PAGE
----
Again, I grew out of egomania and machismo very early in my investing career. They will kill you. The sooner you realize you won't be the best investor ever, and that you only need worry about the best ways to keep and grow your money, the better off you'll be.

I'll take your word for it on Anthony S - I'm just going by what he said on national tv. I don't care enough to bother to fact check something that has no effect on my business - I just felt that he made a good point. But go ahead and hate on his obvious success if it makes you sleep better.
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« Reply #55 on: August 06, 2014, 12:18:14 PM »

keep jerking off over how great you are and mixing with people who make you feel like a big shot. lol.

I'm actually pretty good at making OTHERS feel like big shots, at least IRL. Part of winning friends and influencing people. Of course it's always been a better use of time and better for business if those others have lots of money or know others who do.  Grin
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« Reply #56 on: August 06, 2014, 01:50:56 PM »

I've said here repeatedly I used to be a retail broker / IA at a major firm, and I now have a small private investment fund. $100 mil in a city my size is pretty respectable, but it's by no means huge. Makes me a nice upper 6 or low 7 in a bad year, more in a good year. I stay under $150 mil to minimize paperwork and additional regulatory headaches.
 

asset mgmt revenues now for institutions are maybe 25bps... so you are either in higher risk products or retail type brokerage... that said making a buck or so on a low intensity business is a good life. im personally trying to move from where i am now to a hedge fund, maybe a start up. but its a minefield. i know some where 9/10 things went right and it still didnt work out/ they got screwed. 
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« Reply #57 on: August 07, 2014, 02:51:06 PM »

As a retail rep / IA years ago, I was mainly in managed money. Did the IA flat 1% on most products for clients above $100k. They've mainly gotten away from the old transactional and front-loaded stuff for the most part. It's largely gone to institutional shares of mutual funds, stocks, bonds, and a few other things here and there. "Trails" rather than a big upfront fee with little or no trail.

Annuities and other insurance products and certain "structured investments" (basically bonds created using options based upon baskets of stocks, commodities, etc typically with a cap and a multiplier on either the upside or downside for the client) paid out more.

The big firm BDs typically take between 50-60% - more for a lower producer, less for a higher producer. A rep / IA going independent will generally get to keep 90% without being micromanaged, but has their own office and marketing expenses, admin headaches, etc and still must follow the same regs basically.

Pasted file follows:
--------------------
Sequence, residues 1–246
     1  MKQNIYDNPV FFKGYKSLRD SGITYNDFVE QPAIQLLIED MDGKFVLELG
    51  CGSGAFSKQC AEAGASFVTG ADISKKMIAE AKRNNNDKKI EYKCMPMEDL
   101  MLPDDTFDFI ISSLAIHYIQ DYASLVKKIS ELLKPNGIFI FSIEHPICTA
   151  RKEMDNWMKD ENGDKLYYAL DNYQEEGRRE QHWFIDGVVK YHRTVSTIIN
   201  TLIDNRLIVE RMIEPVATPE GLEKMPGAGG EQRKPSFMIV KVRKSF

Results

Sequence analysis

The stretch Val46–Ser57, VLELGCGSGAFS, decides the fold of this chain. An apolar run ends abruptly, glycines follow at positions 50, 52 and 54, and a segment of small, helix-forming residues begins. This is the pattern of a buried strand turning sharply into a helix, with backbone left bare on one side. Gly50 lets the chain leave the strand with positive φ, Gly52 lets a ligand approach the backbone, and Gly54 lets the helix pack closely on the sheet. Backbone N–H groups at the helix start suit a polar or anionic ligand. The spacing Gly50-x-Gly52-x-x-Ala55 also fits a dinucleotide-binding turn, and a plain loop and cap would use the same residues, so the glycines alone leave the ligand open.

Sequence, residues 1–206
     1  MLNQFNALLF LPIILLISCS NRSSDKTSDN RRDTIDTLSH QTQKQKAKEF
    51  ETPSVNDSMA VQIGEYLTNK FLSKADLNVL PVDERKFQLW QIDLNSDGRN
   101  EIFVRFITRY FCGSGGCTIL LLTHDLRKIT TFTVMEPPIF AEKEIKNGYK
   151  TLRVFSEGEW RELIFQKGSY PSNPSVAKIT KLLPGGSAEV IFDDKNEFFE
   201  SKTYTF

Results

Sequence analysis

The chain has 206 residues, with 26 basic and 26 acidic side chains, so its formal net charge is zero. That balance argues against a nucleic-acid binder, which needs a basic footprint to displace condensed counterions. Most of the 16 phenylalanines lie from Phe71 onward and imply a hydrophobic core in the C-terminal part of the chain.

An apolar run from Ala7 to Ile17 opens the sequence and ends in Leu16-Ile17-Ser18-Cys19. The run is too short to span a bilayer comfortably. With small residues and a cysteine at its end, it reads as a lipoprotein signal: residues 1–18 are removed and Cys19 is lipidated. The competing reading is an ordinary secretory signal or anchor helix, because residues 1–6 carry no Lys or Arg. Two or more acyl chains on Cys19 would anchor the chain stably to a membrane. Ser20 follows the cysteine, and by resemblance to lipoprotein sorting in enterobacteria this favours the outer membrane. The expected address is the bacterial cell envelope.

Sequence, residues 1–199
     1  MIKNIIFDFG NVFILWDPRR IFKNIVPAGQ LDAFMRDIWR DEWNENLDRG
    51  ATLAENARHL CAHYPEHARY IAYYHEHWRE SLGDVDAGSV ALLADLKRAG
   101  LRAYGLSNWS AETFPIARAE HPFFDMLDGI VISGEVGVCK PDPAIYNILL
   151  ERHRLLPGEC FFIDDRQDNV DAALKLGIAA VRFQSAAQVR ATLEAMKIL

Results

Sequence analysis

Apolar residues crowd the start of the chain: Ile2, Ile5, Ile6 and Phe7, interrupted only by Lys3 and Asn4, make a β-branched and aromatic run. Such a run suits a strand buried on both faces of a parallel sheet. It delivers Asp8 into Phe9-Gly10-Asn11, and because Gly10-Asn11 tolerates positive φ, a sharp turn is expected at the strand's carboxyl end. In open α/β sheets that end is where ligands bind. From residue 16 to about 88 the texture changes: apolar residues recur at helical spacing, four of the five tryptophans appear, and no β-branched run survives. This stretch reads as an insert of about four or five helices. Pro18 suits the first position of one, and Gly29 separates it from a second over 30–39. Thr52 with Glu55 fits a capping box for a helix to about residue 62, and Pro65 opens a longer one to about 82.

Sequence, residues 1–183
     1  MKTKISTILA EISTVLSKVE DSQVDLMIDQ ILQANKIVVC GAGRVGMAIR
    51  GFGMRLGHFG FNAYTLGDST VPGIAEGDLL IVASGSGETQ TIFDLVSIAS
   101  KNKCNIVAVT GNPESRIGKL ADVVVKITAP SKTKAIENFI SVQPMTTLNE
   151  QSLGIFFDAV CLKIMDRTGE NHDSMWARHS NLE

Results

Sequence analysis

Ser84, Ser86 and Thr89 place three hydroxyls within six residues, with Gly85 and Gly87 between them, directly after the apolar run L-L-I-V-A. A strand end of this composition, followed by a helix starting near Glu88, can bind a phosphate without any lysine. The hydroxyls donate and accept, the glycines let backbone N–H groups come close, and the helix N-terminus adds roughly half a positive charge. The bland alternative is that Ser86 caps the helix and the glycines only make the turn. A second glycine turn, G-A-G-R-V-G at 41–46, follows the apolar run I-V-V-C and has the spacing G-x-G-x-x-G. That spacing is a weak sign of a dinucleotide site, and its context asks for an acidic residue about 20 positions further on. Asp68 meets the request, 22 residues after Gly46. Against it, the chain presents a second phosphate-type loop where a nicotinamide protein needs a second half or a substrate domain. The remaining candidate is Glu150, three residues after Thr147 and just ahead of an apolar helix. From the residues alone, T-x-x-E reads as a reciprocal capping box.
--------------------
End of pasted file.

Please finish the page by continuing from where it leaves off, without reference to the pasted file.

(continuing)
The big firms also have ways of paying reps less per dollar of AUM. Like some only paying on accounts above $250k, only paying on money brought in that is flipped into another investment, etc. And heaven forbid you flip money they don't think you should have, at least if it's not in a managed account.  Lips sealed


The best scenario I've found for myself is to strictly deal with accredited investors - the "private investment fund" in legal terms... i.e. "hedge fund" - a term I hate and don't use for myself. And have a limited number of investors that you know very well. Fewer expenses with a limited number of clients and minimal turnover of clients - and far fewer headaches and regs. You basically only have to worry about not running afoul of the govt... not a problem as long as you don't get greedy, lie, steal, make "guarantees" you cannot keep, or else have any nutty clients who would wrongly accuse you of any such things.


You can charge a performance fee as well as an admin fee. But I will only do that with the $ I will invest for anyone that actually requires significant effort and also likely some research expense (and certainly considerable time) on my end. I would never charge a performance fee or even an admin fee above a minimal amount for things like investmet in a conservative income portfolio (mainly local munis and investment grade corporates), insurance products, or mutual funds.

Basically doing what's right for the client, underpromising / (hopefully) overdelivering, and emphasizing things like trustworthiness, stability, integrity, etc rather than huge returns.

If somebody came to see me with $10 mil who wanted me to guarantee them double digit returns, or who wanted 50% or more a year with no losses ever or whatnot, I'd tell them straightup they were not being realistic. Anyone who can do that will end up being a trillionaire.